ICM Research was commissioned by the Co-op Bank to study couples who hide debts from each other. The results revealed that 13 percent of couples have secret debts, some of which represent major sums of money. Is it wise to hide debts from partners? Can secret debts be repaid through debt management plans? These are some of the questions that experts within the field are asking. Read on to learn the answers because these might change your thoughts about sharing debt news with a partner.
We speak to a lot of people every day who do not want their partners to know about their debt problems, so all our advice is strictly private and confidential. We can review all the best debt solutions to get you debt free as quickly as possible. We also offer solutions to individuals as well as joint plans with partners if you have informed your partner of your financial situation. Contact us today using the form below to find out what options are available to you and or your partner.
Keeping debts secret appears to be a generational issue. Research reveals that couples age 34 or younger may hide large sums of debt from each other, beginning in the student years. Couples who are older than 34 usually keep fewer debt secrets and owe smaller amounts. Large debts may result in severe voluntary or creditor-imposed debt resolution techniques such as bankruptcy. At this point, it would be difficult to continue hiding the sums owed.
Partners with joint debts and joint homeowners must be most careful when keeping debts a secret. Experts recommend that they seriously consider informing their partners of the situations. If even an Individual Voluntary Arrangement (IVA) is used, the other partner may be impacted. When the debt situation worsens to the point that bankruptcy is the only option, partner interests will be jeopardized most seriously.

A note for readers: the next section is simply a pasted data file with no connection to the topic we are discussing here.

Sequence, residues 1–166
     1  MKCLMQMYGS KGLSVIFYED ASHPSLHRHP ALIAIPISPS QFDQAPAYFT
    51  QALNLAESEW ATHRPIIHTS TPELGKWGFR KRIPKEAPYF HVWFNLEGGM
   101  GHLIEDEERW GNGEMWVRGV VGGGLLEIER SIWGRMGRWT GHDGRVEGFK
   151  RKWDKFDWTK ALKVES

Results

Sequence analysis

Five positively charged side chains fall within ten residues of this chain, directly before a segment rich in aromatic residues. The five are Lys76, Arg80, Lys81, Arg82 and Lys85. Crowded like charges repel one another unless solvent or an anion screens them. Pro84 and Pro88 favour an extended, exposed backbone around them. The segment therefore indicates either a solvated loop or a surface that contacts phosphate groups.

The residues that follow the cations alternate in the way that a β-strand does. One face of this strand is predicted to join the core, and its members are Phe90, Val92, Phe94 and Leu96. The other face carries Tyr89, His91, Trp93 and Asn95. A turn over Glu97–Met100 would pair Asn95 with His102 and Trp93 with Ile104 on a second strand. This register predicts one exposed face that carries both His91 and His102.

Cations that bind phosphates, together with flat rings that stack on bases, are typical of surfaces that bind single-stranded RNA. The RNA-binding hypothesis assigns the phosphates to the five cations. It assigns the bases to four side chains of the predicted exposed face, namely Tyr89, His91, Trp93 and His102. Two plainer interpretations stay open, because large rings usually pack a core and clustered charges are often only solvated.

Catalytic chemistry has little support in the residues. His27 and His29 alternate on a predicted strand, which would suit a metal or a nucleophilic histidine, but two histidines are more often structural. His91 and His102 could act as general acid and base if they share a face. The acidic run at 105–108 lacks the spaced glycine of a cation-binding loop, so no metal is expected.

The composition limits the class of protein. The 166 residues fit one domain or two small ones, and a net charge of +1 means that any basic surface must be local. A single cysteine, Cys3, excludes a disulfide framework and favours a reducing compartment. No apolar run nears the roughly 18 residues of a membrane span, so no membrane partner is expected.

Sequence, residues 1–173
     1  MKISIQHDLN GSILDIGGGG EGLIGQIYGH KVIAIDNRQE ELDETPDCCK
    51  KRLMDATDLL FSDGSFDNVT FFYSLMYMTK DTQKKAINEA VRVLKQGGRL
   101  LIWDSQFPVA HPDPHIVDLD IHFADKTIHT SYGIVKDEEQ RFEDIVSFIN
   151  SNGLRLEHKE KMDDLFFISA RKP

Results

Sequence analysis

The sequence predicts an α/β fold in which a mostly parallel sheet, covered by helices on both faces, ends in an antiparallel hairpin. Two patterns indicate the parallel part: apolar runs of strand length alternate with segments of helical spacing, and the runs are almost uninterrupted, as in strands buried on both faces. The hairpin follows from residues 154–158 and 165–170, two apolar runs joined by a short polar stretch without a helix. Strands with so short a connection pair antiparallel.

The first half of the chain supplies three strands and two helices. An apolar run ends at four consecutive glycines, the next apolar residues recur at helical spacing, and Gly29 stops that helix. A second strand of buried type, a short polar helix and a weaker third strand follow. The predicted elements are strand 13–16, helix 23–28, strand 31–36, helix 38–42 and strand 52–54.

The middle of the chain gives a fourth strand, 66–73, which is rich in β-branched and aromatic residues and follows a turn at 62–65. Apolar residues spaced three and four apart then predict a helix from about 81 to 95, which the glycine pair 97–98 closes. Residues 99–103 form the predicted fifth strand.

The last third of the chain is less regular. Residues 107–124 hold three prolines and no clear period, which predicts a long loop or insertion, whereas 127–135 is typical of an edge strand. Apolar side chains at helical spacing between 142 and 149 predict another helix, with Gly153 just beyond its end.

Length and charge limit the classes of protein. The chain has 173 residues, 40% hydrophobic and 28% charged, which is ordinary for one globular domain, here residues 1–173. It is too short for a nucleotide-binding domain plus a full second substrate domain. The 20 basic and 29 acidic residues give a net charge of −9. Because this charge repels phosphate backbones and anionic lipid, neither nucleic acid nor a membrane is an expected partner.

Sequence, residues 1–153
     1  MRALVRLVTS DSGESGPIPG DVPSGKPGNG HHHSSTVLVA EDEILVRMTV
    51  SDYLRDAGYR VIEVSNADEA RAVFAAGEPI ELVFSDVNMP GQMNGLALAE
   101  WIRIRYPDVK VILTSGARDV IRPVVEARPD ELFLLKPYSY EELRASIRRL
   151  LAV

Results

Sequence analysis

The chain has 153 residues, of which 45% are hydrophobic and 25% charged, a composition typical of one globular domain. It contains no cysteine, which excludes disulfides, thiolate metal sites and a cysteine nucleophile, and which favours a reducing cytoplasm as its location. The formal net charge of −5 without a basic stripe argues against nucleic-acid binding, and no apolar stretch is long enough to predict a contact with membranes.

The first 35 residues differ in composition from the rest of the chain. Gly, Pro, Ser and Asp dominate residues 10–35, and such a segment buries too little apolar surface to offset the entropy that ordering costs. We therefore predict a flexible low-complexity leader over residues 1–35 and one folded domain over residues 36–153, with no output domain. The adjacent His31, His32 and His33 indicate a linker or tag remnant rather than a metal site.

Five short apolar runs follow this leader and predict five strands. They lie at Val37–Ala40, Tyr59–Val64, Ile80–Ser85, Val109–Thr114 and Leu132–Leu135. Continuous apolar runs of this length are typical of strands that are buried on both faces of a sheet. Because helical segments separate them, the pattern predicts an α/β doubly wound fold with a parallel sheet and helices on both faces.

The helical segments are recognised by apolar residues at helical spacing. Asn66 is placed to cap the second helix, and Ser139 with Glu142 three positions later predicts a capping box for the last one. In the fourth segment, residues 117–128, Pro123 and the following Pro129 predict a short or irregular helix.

Joint homeowners entering an IVA or becoming bankrupt may be required to release equity in the home.
In the most serious cases, this will require selling the property. If a loan is held jointly by the partners, the individual who is not insolvent will be fully responsible for the entire amount due, not just half of the debt. This can create an enormous financial burden that can strain not only the household budget but also the relationship.
Taking steps to avoid insolvency is a smart move and there are many ways to do it. Informal debt management plans do not place the home in jeopardy. Though the partner who jointly holds a loan must make the full monthly repayment, the other partner will make a contribution each month through the debt management plan instalment. This will result in the loan being paid off more quickly and not entirely by the partner who is not experiencing financial problems.
An individual is not required to inform a partner of using a debt management plan to handle financial difficulties. However, if the debt is held jointly or a creditor has already pursued legal action, the partner may still learn of the debt. Therefore, it is better to be proactive and inform the other individual as soon as financial troubles arise.
Debt advisers tell their clients to inform partners before beginning debt management plans. Though this may seem like a painful admission, partners are typically more supportive than expected. The elimination of guilt and additional support makes the effort worth it. While they are disclosing secrets, partners should also inform each other of secret savings accounts, which the study revealed have average balances of £10,000.